The dominating tropical wetland emissions are governed less by temperature than the northern wetlands. In the tropical regions, the seasonality and length of the flooded periods will be the main factor determining any major changes in the atmospheric burden of CH4. On the contrary, the estimated circumpolar CH4 emissions of 30-60Tg CH4 yr-1 (also reviewed by McGuire et al, 2009) are more directly sensitive to climate warming, and may hold a significant potential for feedback to a changing climate. Large-scale CH4 flux models are currently not as advanced as general carbon cycling models and few allow for climate change scenario-based projections of changes in the future. Early attempts to assess and model tundra CH4 emissions driven by climate change all indicated a potential increase in emissions (Roulet et al, 1992; Harriss et al, 1993; Christensen et al, 1995) but more advanced mechanistic models (Walter and Heimann, 2000; Granberg et al, 2001) are now approaching the stage where they, in further developed forms, will be fully coupled with Global Circulation Model (GCM) predictions to assess circumpolar CH4 emissions in the future (Sitch et al, 2007; Wania, 2007). A critical factor is, as eluded to above, not only the mechanistic responses of soil processes (dominant in the northern wetland response) but also the geographical extent of wetlands (dominant feature for tropical wetlands), and how these may change in the future. Combined predictive hydrological and ecosystem process modelling is needed for an improved certainty in projections of changes in global wetland emissions. There is, however, little doubt that with climate scenarios of warming and wetting of the soils, there will undoubtedly be increases in CH4 emissions, while with warming and drying there will be few changes, or a decline of emissions relative to the current scale.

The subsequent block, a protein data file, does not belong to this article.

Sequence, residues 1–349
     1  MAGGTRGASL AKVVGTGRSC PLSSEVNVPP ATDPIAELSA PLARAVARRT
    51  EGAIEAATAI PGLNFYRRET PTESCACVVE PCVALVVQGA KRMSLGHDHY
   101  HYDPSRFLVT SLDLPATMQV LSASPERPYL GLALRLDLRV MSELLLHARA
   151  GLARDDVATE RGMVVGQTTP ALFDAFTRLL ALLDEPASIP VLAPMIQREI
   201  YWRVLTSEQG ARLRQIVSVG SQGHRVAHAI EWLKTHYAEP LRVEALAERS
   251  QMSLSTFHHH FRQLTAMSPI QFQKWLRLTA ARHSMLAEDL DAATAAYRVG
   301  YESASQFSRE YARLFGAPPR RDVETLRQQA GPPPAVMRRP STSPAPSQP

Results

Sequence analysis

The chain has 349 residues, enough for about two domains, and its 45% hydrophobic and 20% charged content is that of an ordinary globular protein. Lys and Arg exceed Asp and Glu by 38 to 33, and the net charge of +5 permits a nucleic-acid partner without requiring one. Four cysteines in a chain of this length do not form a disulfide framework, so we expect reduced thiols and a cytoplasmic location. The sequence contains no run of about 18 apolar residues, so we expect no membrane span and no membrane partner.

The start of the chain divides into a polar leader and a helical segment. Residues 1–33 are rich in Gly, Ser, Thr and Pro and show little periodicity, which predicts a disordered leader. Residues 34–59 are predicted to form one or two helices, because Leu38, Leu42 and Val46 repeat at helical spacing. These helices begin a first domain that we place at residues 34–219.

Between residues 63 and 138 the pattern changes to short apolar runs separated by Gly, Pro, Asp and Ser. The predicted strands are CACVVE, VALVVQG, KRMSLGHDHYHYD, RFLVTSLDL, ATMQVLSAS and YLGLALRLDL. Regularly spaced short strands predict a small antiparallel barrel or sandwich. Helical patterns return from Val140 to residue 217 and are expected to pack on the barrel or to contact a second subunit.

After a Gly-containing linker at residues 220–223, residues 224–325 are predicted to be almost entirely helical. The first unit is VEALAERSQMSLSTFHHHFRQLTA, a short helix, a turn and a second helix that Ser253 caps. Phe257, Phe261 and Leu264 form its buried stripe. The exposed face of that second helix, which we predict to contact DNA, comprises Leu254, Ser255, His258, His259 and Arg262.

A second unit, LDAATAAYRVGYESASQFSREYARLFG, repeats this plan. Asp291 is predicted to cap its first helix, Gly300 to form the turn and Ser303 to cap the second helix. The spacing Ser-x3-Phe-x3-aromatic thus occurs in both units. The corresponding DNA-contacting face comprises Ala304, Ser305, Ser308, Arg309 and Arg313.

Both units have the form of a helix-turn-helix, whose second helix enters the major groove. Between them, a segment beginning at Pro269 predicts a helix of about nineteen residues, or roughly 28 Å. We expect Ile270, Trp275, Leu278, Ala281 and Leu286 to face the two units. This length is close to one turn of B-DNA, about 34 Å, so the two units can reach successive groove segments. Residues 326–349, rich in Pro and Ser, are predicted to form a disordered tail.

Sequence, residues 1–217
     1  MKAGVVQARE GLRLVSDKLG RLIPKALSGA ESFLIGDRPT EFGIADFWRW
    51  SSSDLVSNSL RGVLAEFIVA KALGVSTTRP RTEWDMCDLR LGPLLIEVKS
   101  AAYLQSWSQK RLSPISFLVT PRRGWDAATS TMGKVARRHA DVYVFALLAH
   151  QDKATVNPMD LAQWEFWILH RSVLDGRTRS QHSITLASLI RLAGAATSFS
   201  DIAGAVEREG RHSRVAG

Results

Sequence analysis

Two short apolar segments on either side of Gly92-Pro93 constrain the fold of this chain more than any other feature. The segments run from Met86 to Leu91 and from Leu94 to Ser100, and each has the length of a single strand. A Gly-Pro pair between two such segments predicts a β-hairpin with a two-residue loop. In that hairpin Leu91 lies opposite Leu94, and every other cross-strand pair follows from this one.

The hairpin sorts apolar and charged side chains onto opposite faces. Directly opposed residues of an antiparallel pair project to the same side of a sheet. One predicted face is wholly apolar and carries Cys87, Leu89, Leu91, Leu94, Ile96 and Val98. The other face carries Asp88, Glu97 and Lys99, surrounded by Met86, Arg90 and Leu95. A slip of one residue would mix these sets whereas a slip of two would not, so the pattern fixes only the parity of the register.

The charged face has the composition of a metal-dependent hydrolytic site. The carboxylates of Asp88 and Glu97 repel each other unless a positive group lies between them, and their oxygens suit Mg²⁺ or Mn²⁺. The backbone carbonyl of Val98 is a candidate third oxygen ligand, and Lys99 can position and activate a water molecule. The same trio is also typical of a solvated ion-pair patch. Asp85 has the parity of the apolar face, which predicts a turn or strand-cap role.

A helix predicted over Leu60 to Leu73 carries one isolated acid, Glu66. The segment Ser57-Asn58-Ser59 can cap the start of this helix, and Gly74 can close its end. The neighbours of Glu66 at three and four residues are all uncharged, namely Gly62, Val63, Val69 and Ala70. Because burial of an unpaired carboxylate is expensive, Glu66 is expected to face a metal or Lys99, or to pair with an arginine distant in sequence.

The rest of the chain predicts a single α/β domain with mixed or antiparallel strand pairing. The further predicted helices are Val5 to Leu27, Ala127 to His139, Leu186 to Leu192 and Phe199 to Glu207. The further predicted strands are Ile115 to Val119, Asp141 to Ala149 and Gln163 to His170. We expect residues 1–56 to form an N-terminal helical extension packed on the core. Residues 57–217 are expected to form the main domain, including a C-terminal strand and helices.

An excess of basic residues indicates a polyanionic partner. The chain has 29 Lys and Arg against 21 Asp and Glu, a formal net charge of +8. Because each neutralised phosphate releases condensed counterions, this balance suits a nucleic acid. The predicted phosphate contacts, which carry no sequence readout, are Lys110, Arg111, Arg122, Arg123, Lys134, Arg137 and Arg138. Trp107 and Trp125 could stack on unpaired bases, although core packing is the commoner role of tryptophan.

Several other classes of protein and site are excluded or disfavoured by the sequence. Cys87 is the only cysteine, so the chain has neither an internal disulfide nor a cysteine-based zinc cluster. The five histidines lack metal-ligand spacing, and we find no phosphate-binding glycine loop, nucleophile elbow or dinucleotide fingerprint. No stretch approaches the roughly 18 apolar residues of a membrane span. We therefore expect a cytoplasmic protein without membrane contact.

The model developed by Walter and Heimann (2000) and applied by Walter et al (2001a, 2001b) has seen widespread uses for predictive purposes. Shindell et al (2004) used this model to examine the potential feedback of wetland CH4 emissions on climate change. They simulated a 78 per cent increase in CH4 emissions globally in a scenario with a doubling of the atmospheric CO2. This increase was significant in the tropical regions but also included a doubling of northern wetland emissions from a modelled 24-48Tg CH4 yr-1. Gedney et al (2004) estimated substantial increases in wetland emissions, doubling globally by 2100. This led in their model to an overall increase of approximately 5 per cent in radiative forcing compared with the CO2 feedback effect modelled by Cox et al (2000). But, as noted by Limpens et al (2008), this has to be seen in the light of the latter being a factor of two larger than any other coupled carbon-climate simulation over the 21st century (Friedlingstein et al, 2006). The wetland CH4 emission feedback effect therefore may well be greater than suggested by the model of Gedney et al (2004). This is exemplified by improved process modelling based on the Walter model presented by Wania (2007), which suggests an increase in emissions by over 250 per cent in vast wetland areas by the end of this century.
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